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In an interesting fit of synchronicity, I was listening to a good reading of Hannah Arendt's The Rise of Totalitarianism last night, and in particular to a discussion of how various social/political movements of the second half of the 19th century picked up on and used ideas including that principles and claims only have meaning within a particular society constructed by its members choices, that nothing in history is relevant to the group-culture until the group chooses to make it so, that all standards outside the group are either trivial or oppressive...and so on and on.

Very little is as new as either its friends or foes want it to be, I guess.

From my perspective, the common culture at the start of gaming was simply the result of its drawing on a very narrow slice of society. The gaming population broadened immediately - as in, within weeks of D&D appearing at sf cons, there was demand in a bunch of sf apas and fanzines for the damned RPG talk to go elsewhere already, and within a year there were at least two apas that flourished for decades to come. But as I've commented before, the grognard movement of today is quick to write out inconveniently un-Gygaxian alternatives, even ones with roots in that very first year of RPGs on the market. Heterogeneity has been there all along, but can be pushed aside as "oh, well, that doesn't matter and isn't as pure as our real thing".

drawing on a very narrow slice of society... Heterogeneity has been there all along

Bingo. As usual, it seems there were multiple wargaming campaigns that were tending in some kind of RPG direction, and that when EGG and DA brought out D&D, some other folks thought they'd better hurry up and write up their ideas, too. Allegedly Runequest was already in some sort of development when the LBBs came out, although I don't know if the counterfactual (what if RQ had been published first) is a valid exercise, because D&D has such an immediate effect on Stafford.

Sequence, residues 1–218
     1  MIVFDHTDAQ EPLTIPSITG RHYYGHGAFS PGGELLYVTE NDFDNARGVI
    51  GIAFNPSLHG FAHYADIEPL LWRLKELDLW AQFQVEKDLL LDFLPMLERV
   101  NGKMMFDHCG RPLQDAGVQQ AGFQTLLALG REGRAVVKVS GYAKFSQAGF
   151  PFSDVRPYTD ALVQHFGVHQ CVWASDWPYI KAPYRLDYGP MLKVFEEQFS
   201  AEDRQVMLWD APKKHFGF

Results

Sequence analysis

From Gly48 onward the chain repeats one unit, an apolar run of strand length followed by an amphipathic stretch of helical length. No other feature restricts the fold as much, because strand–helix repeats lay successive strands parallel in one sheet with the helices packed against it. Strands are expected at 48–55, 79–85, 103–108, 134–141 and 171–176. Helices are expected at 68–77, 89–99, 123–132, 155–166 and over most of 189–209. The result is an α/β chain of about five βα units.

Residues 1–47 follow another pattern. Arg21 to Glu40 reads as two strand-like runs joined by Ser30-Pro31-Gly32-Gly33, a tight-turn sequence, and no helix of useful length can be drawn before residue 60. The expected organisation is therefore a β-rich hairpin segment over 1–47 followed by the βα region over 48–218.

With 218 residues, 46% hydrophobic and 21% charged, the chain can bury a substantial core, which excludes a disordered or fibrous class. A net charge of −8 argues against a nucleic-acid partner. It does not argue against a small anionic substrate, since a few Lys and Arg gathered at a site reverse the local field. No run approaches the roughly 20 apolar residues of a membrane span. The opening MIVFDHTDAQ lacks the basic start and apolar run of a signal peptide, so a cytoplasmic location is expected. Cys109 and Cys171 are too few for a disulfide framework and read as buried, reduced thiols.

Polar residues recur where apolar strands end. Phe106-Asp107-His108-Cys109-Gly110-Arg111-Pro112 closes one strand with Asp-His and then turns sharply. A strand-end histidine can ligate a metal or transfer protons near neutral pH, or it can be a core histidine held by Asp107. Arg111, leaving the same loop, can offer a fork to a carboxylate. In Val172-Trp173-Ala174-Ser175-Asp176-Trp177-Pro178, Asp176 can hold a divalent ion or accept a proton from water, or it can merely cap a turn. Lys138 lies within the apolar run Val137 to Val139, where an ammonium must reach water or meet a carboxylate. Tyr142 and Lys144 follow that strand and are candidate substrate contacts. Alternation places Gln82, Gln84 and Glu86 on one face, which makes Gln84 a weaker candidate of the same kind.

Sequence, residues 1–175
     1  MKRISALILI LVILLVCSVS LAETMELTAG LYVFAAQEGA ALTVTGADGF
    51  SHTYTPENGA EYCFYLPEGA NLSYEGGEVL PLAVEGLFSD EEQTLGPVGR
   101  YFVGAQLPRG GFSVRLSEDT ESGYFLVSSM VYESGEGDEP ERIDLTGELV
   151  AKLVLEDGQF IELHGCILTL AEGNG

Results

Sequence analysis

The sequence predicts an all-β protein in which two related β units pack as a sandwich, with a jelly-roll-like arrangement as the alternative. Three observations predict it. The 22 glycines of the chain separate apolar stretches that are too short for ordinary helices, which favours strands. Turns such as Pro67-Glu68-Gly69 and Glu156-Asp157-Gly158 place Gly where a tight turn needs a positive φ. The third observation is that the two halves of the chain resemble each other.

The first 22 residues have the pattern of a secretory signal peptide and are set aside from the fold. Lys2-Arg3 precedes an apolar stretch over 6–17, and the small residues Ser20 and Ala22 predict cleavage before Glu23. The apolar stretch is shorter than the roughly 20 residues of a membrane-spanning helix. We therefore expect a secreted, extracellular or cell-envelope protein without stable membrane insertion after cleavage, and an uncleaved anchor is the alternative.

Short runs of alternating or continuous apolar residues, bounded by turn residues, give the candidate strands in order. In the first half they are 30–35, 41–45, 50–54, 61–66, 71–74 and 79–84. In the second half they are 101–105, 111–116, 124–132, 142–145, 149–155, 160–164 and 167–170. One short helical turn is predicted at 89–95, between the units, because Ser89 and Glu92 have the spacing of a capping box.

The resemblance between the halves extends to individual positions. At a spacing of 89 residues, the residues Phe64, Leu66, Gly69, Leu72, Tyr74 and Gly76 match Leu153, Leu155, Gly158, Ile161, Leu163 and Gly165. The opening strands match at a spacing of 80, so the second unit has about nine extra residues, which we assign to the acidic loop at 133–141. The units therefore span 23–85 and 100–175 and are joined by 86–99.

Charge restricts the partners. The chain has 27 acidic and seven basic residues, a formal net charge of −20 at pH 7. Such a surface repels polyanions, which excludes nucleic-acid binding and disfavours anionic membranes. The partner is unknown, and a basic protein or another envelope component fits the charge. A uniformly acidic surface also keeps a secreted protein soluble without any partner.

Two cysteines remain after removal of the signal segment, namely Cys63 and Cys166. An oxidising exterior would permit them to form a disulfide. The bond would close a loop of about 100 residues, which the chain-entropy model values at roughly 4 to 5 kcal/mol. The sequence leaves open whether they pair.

Actually, I'd love to see what some of those counterfactual games could have been - what if one of the other wargame campaigns had taken off, and it became natural to always have players command battalions rather than individuals, or if White Bear Red Moon had lit the spark, and we saw a whole industry of homebrewed expandable boardgames?
Hm. Now I want to play in a Risk LARP.

High-level play in the Camarilla network pretty much is RISK LARP, and I think that's a big part of its appeal to the stalwarts.

I sometimes wonder if D&D had been delayed a year, whether we'd have had the marketplace emerge in 1975 with 2-4 loci right in parallel. Possibly a smaller market, but wider spread.

It's so weird to me that people throw "relativism" and "postmodernism" around as if... as if, I suppose, human nature underwent some massive shift a few decades ago, and now we have this new behavior as fundamental as laws of supply and demand which drives us to (apparently) read trashy romance novels instead of Ovid. I honestly generally shut out a discussion entirely when either of those words is used, because I'm convinced I don't understand what is meant by them.

That's a useful survival mechanism. Sadly, much of the time I can't do the same, for (perhaps one day) professional reasons.

Your example suggests a (intellectually bankrupt, positivist) experiment: to track the per capita sales of some canon of classical literature and some suitably trashy romances, from say 1910 to the present. Who knows what might come up?

People have always read trashy romance novels instead of Ovid. Including, one suspects, the Emperor Augustus.

But until fairly recently, the phrase "instead of Ovid" was more a normative statement than it is now. The notion that one has to defend the existence of a Canon is relatively recent, but it does predate Derrida.

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